This story does split opinion in the paddock, but I for one cannot see him walking away from Ferrari at the end of 2014 because – disregarding everything else – he has few places to go.

He is still the unofficial number one driver, as suggested by Kimi Raikkonen’s odd strategy in Spain, and technical director James Allison is yet to design a car. His first will be in 2015. And who knows? Maybe that will be the year that the Alonso-Ferrari partnership finally lives up to the lofty expectations.

Hill expects Rosberg to be ‘more formidable’ in 2016

xxxx during the Formula One Grand Prix of Mexico at Autodromo Hermanos Rodriguez  on November 1, 2015 in Mexico City, Mexico.
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1996 Formula 1 world champion Damon Hill believes that Nico Rosberg will be “more formidable” in 2016 following his back-to-back title defeats to Mercedes teammate Lewis Hamilton.

Rosberg took the title race down to the final race of the year in 2014 before losing to Hamilton, and proved to be the Briton’s closest rival again in 2015, albeit losing the championship with three rounds remaining.

Rosberg endured a five-month winless streak last season that led many to question his ability to battle with Hamilton for a championship, only for the German to answer by winning the final three races of the year.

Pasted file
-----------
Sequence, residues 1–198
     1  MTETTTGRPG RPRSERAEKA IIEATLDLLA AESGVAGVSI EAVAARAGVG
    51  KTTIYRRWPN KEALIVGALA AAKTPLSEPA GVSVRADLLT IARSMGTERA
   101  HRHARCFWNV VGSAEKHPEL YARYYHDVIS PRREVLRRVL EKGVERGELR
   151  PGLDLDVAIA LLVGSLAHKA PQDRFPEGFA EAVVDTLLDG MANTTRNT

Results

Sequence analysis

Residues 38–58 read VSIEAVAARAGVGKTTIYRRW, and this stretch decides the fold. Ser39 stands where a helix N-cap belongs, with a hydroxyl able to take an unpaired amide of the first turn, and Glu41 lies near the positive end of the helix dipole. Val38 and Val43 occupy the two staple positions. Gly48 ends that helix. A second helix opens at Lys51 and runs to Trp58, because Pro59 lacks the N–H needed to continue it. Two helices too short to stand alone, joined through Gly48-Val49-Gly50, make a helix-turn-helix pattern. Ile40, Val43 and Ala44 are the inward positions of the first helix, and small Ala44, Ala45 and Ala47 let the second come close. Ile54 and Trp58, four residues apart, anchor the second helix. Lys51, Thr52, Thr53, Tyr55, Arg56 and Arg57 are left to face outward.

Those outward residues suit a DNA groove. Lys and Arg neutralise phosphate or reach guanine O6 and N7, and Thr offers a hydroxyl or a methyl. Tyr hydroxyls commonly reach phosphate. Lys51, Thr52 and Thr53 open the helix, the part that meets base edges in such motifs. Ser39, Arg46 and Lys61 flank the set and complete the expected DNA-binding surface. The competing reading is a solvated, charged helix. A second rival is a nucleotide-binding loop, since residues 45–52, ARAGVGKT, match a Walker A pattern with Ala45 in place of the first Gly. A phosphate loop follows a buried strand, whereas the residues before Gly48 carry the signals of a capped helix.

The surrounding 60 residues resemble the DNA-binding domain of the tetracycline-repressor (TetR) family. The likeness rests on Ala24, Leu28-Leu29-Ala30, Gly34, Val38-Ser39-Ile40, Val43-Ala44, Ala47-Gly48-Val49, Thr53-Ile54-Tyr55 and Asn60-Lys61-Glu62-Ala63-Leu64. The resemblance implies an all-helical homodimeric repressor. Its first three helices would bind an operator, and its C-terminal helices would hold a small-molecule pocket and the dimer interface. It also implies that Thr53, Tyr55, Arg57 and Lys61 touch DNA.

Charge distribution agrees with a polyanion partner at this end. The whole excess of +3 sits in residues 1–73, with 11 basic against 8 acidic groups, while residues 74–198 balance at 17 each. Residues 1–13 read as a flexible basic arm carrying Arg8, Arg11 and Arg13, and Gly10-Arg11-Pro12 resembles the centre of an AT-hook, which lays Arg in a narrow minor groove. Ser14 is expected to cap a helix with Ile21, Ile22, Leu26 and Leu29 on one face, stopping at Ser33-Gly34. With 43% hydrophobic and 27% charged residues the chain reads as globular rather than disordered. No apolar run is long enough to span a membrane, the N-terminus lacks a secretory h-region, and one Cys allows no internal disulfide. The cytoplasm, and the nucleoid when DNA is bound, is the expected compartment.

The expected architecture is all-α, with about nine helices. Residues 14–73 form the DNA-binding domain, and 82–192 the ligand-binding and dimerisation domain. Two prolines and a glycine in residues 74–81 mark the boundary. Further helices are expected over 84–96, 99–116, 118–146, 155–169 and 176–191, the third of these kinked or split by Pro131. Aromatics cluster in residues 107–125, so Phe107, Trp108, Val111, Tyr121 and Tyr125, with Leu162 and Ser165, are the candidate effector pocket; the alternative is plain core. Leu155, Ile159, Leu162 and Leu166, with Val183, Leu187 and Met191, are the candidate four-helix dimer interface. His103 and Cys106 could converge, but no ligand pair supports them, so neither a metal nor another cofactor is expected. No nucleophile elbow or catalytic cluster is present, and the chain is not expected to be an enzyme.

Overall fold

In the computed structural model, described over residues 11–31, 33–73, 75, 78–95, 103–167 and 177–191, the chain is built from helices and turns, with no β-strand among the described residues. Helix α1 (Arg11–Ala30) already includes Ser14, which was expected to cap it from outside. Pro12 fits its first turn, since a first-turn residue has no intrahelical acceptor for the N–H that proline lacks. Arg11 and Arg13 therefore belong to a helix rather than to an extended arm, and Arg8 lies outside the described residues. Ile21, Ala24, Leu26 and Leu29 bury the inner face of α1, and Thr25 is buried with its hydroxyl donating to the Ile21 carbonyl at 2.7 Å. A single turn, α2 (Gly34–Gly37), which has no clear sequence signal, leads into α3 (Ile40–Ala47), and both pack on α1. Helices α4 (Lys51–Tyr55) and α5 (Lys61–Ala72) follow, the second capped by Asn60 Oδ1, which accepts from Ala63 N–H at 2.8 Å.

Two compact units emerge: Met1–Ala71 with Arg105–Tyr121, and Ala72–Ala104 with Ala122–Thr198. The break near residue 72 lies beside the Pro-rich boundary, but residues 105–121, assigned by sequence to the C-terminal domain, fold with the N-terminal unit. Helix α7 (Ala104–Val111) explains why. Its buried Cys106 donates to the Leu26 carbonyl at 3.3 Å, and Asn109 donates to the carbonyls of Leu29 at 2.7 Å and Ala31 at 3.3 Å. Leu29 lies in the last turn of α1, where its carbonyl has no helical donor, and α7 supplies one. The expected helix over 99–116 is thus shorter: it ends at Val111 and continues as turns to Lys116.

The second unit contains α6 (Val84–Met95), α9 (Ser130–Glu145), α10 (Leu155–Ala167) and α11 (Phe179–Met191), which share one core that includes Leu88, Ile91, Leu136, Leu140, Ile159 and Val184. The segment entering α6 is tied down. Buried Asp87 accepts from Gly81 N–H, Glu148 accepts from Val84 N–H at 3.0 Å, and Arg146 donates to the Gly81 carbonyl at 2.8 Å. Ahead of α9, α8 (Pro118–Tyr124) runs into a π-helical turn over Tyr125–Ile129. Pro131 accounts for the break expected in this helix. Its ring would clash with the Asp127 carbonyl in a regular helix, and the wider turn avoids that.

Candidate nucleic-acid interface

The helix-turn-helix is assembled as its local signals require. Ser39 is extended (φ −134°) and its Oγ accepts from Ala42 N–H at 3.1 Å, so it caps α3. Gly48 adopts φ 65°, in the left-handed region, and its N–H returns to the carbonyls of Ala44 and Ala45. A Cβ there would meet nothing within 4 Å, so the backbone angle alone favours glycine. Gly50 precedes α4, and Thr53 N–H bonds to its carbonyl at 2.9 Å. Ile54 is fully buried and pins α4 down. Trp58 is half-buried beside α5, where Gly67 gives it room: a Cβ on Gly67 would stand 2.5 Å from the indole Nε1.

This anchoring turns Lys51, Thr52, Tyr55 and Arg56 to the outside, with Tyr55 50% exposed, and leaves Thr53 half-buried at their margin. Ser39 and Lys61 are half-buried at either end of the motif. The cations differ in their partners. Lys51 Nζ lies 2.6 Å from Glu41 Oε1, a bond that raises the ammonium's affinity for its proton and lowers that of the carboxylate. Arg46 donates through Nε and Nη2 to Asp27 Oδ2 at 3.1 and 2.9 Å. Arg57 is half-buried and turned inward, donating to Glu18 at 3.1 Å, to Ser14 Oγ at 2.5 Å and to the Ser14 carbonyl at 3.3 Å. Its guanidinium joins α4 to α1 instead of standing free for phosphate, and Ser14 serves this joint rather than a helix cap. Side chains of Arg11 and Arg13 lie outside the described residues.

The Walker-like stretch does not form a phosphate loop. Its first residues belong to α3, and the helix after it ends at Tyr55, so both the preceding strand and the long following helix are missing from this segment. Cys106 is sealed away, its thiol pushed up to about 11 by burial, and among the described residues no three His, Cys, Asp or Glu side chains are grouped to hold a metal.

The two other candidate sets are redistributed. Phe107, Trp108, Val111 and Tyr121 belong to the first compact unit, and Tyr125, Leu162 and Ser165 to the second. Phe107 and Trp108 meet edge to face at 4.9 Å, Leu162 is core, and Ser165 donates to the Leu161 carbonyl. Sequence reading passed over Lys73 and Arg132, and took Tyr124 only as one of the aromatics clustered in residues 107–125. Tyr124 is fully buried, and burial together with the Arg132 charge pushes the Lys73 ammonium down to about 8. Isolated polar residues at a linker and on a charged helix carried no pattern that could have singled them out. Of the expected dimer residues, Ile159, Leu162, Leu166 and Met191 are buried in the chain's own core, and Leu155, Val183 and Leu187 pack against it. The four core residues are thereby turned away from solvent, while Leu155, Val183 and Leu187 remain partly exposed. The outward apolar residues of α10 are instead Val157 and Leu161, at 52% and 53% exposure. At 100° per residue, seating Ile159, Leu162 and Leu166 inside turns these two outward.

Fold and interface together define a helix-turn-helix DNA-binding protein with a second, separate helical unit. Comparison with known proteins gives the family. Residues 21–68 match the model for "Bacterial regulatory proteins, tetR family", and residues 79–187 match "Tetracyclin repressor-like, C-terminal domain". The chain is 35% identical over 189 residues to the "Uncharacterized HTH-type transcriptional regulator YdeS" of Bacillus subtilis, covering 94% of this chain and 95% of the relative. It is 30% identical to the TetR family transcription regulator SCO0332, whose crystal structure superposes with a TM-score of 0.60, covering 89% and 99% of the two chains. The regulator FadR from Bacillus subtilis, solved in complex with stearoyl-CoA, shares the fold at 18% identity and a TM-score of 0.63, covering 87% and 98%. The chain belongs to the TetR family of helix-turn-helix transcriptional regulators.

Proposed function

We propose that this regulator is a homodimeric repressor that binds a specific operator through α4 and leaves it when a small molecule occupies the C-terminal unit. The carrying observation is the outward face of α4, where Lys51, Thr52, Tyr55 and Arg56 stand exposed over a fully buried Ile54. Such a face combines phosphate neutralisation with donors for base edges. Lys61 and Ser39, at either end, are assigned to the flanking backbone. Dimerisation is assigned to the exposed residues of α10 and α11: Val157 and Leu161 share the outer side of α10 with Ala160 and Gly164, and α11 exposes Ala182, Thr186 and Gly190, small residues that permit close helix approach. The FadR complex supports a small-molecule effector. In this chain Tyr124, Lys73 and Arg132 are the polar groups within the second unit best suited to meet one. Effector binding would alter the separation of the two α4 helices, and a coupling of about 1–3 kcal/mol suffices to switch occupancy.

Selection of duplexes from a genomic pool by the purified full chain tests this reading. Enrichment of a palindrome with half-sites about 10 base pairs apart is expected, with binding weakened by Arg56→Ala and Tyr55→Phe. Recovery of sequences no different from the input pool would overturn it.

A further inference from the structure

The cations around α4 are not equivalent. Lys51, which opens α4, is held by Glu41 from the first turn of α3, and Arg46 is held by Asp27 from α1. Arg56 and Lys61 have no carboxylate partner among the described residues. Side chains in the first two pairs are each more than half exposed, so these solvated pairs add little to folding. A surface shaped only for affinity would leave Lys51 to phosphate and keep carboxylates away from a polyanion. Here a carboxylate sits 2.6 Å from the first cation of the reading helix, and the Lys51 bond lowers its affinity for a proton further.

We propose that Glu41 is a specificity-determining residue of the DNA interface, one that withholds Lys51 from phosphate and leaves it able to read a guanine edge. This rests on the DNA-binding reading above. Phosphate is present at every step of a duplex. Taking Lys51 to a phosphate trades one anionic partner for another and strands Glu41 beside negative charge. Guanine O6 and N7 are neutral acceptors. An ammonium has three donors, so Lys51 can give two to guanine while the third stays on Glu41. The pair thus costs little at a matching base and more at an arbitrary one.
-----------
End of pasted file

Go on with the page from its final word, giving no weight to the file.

Speaking to Sky Sports, Hill said that Rosberg showed his true strength with this trio of victories, signalling that he could put up a greater fight to Hamilton for the title in 2016.

“I think he is a little bit more formidable now,” Hill said. “I think after the Austin defeat, that day when he lost the championship and Lewis infamously tossed the cap and he tossed it straight back, there was a moment where Nico said ‘OK, I am not going to take this anymore’ and he did go ahead and win all the remaining races.

“He can go on ahead and become the other world champion’s son [Keke Rosberg won the F1 title in 1982] to become a world champion himself.